Lack of fame no barrier to Attleborough woman’s eight-volume autobiography
PUBLISHED: 08:49 25 June 2014 | UPDATED: 11:13 25 June 2014
The autobiography is usually the preserve of the rich and famous.
However one Attleborough woman decided that a lack of celebrity status was no barrier to her sharing her life story – in an eight-volume book series.
Jennifer Meakin said that, although she was not a public figure, she had always wanted to put pen to paper to tell her life’s journey.
The 73-year-old of Birch Close, Attleborough, explained: “I’m a lady who has got myself into all sorts of troubles and lived an interesting life.”
“I thought there would be quite a lot of people who would get a lot from it.”
Threads – A Norfolk Girl’s Life starts in the 1960s, when Mrs Meakin had what she described as a “shotgun marriage” where “everything went wrong”.
The grandmother-of-two tells the story of how she arrived in Attleborough, aged 30, with just a suitcase and a baby – her son Wesley.
Mrs Meakin trained to be an art teacher and worked at Attleborough High School – but made what she called a “reckless” decision to take early retirement, aged just 48.
“I thought I’d manage somehow and did various part-time jobs,” she said.
The book details how she then embarked on an unsuccessful journey to find a partner, responding to lonely hearts advertisements in newspapers and travelling across the region to meet potential other-halves.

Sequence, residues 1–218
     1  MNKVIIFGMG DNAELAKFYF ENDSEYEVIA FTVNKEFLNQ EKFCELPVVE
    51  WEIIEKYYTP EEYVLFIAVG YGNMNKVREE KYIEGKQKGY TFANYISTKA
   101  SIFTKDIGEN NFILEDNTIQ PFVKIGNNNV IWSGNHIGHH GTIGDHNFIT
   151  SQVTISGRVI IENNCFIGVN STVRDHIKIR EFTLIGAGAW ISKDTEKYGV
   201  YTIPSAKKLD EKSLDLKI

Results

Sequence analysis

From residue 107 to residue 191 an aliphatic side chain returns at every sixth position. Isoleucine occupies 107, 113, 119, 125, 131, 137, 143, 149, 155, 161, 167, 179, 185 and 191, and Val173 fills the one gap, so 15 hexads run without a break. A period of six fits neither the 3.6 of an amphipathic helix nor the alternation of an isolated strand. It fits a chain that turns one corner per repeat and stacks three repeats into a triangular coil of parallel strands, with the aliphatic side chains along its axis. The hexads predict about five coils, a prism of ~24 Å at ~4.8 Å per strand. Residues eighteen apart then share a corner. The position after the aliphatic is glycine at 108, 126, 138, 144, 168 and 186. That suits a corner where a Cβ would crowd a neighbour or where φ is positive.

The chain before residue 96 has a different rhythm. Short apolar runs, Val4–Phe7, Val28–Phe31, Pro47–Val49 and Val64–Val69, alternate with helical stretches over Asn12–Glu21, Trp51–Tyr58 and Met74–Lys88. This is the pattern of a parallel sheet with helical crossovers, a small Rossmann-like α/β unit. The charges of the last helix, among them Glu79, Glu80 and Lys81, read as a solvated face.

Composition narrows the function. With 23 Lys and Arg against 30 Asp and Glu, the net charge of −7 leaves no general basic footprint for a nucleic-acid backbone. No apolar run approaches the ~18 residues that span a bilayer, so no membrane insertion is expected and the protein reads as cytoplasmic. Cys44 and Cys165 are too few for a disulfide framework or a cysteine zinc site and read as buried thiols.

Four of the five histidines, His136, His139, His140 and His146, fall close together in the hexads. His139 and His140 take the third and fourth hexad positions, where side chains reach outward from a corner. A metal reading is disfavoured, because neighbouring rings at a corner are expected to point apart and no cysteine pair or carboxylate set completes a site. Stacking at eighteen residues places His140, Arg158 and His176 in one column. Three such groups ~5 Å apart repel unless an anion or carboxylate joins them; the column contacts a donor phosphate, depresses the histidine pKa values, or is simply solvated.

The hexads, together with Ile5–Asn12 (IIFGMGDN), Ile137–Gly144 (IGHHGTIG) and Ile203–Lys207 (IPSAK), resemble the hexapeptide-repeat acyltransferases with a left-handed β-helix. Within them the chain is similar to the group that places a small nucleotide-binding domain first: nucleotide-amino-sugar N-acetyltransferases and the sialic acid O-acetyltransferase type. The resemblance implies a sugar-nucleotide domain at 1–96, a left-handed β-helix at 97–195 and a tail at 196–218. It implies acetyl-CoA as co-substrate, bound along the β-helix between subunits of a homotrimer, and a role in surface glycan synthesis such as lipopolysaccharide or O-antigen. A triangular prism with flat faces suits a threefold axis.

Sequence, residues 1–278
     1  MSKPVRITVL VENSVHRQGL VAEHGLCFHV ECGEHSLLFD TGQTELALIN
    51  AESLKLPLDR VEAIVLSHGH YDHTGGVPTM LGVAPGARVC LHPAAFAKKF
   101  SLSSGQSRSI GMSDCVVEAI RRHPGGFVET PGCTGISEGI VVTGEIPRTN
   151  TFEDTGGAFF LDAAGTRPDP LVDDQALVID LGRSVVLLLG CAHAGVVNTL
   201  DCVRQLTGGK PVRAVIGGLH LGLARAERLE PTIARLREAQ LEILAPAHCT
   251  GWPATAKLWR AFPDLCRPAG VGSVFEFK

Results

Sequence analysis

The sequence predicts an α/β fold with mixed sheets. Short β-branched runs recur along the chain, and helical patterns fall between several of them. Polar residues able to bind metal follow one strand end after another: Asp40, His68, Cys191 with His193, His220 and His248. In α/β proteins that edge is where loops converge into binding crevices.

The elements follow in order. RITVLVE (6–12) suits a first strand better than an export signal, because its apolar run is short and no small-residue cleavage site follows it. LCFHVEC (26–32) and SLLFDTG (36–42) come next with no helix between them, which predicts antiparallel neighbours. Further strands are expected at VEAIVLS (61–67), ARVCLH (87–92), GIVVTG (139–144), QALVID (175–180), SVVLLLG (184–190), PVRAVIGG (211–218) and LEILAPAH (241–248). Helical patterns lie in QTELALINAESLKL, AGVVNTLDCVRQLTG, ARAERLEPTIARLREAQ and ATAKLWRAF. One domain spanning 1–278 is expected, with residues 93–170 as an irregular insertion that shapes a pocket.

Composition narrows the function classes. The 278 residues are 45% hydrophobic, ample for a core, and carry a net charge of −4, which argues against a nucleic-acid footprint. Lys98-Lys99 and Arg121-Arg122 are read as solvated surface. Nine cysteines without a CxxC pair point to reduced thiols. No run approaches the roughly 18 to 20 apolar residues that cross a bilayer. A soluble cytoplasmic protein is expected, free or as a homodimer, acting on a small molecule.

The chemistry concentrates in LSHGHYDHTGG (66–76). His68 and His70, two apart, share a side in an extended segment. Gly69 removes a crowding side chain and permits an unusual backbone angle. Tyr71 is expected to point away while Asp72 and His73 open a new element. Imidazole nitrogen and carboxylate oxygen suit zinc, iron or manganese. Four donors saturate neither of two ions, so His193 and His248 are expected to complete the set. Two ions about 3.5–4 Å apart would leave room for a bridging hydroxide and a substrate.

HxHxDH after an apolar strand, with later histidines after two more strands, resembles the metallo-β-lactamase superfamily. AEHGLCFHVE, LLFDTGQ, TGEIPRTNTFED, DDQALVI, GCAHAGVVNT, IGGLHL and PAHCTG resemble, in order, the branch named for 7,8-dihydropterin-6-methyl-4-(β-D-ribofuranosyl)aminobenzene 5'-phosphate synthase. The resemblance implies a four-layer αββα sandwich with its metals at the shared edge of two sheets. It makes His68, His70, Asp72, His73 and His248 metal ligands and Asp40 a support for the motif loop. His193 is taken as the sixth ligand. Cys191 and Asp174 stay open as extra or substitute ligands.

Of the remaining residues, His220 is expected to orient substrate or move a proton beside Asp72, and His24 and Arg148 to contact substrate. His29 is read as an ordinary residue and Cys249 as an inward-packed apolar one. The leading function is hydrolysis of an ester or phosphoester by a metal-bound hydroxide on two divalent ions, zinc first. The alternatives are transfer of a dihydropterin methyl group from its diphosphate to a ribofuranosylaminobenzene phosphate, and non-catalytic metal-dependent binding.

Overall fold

“It was a disaster,” she said. “But it took me all over East Anglia and I met all sorts of characters.” The book also tells of her later travels to Burma and Thailand.
Mrs Meakin started writing the book about eight years ago.
“At first I thought it was going to be boring,” she said.
“But it progressed and I really enjoyed it. Once I set about it, my confidence and its general interest invited me to see it through.”
However she said: “Because of my lack of celebrity status, I realised that a publisher would probably ignore me.”
Undeterred, she had it produced to her own design – even though it meant taking equity out of her house to pay for it.
She also faced a challenge in getting it printed. As a technophobe, Mrs Meakin had hand-written the book, meaning it took three to four years to get it copy-typed.
She had to advertise for and pay a team of five typists to do the work. “The printers did beg me to try to cut it down,” she said. “However I felt if I tried to cut it, I would’ve lost the whole ethos of what I’m trying to do.”
Mrs Meakin has had 120 copies of the book published.
She does not expect to hit the bestsellers charts or recoup the thousands of pounds she has spent on producing the book, but said she is hopeful some people would be interested to read about a Norfolk girl’s life.
Those interested in reading it should contact Mrs Meakin on 01953 453265.
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